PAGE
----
The familiarity I have with this sentiment validates my own thoughts. At best, life in prison is a gimpy, fucked-up kind of living, and the gulf between who I now feel myself to be and the fragile, gullible young man first brought into this place is an unfathomable abyss of years. Some late nights, when I wake for no reason, it yawns like the grave. By bringing across the universal in the specific, Count Tolstoy succeeded here. What a book!

Ed Tato, True Stories of la Cosa Nostra: Poems

I don't know whether the family profiled in these poems is a fabrication, like the Spoon River decedents written about by Masters, or a real object of genealogical study. I don't know if it matters. As with The Spoon River Anthology, Tato's True Stories are more conceptually engaging than as poetry qua poetry. Was this Tato's intention? I don't know his work beyond this collection, and (although I'm on such intimate terms with his hometown of Lawrence, Kansas, that I get to call it Larry) I don't know the man.

James Wood, How Fiction Works

I love this:
We have to read musically, testing the precision and rhythm of a sentence, listening for the almost inaudible rustle of historical association clinging to the hems of modern words, attending to patterns, repetitions, echoes, deciding why one metaphor is successful and another is not, judging how the perfect placement of the right verb or adjective seals a sentence with mathematical finality. We must proceed on the assumption that almost all prose popularly acclaimed as beautiful ("she writes like an angel") is nothing of the sort, that almost every novelist will at some point be baselessly acclaimed for writing "beautifully" as almost all flowers are at some point acclaimed for smelling nice.

Wood's survey of literature's wide swath, from the Bible to John Updike, examining the mechanisms by which fiction does what it does, is a must-read for all serious readers who want to better understand fiction and its truths. 

Charles Robert Maturin, Melmoth the Wanderer

The Gothic novel to top all Gothic novels — that's what Maturin, an Irish clergyman, set out to write in 1818. Not three years later, the publication of Melmoth the Wanderer met with outright vitriol from reviewers, one of whom accused Maturin of blasphemy, brutality, and "dark, cold-blooded, pedantic obscenity." In other words, this is good stuff.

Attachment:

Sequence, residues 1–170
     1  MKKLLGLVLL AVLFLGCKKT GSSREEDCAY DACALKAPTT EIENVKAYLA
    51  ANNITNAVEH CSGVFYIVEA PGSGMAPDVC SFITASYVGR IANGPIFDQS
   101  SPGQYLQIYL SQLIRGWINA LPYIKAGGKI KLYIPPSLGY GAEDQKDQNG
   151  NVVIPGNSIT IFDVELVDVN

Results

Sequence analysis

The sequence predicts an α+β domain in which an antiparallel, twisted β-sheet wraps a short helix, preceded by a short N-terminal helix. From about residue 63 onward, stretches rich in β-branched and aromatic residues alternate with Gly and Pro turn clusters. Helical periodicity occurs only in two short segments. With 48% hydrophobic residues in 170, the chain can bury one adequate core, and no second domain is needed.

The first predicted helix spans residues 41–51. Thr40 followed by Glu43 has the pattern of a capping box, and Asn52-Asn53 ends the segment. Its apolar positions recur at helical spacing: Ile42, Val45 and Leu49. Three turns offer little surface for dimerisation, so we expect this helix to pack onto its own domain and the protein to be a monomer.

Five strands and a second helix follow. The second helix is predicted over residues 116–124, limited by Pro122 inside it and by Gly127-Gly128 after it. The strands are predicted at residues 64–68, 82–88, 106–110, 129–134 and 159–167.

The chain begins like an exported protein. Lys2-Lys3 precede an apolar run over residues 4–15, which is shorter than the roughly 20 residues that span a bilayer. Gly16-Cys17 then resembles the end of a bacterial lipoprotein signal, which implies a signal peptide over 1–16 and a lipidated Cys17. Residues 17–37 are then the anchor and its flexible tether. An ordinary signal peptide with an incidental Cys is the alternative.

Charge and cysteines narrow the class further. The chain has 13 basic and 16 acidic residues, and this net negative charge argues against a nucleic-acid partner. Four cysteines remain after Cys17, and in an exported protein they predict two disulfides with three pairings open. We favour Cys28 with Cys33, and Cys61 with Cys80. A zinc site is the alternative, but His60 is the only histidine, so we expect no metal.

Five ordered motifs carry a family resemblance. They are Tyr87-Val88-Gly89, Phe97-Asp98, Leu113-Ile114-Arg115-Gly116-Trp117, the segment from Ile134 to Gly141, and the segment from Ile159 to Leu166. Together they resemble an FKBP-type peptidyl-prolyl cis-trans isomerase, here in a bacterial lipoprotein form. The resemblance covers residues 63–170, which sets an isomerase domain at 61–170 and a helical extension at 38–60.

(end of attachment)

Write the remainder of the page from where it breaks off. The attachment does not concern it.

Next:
Olivia Liang, The Lonely City: Adventures in the Art of Being Alone

Having heard me summarize this utterly engrossing 2016 history/memoir/meditation on loneliness, which wends through the lives of artists from Andy Warhol to Henry Darger in its exploration of loneliness, my neighbor Jim rolled his eyes. "Oh, great," he said. "Hanging out with suicidally depressed artsy-fartsy people is what put you in this mess to begin with!"

Touché, Jimbo. Although reductive (and missing the point) my curmudgeon pal's quip had the effect of validating my enthusiasm for the book. Yes, I do have more friends and associates now than at most other points in my socially awkward life, but I still exist in a persistent state of what psychiatrist Harry Stack Sullivan defined as "the exceedingly unpleasant and driving experience connected with inadequate discharge of the need for human intimacy." We all do. To what degree, and in what way it's dealt — these are areas Liang crawls into and peers around. 

There are names here of varying recognizability: Billie Holiday, Edward Hopper, Josh Harris, David Wojnarowicz, Jean-Michel Basquiat, Klaus Nomi, Greta Garbo…. The Lonely City wends its way through the lives of these lonely souls, a path that reveals the ways in which we — human beings — live without that "discharge" the psychiatrist wrote about, the forms of our connections when we do have it, and the role played by society in perpetuating the exclusion of what Liang terms "unwieldy and strange" people. Her eye is keen, her mind is lucid, and the product of her studies is easily the best work of nonfiction I read all year.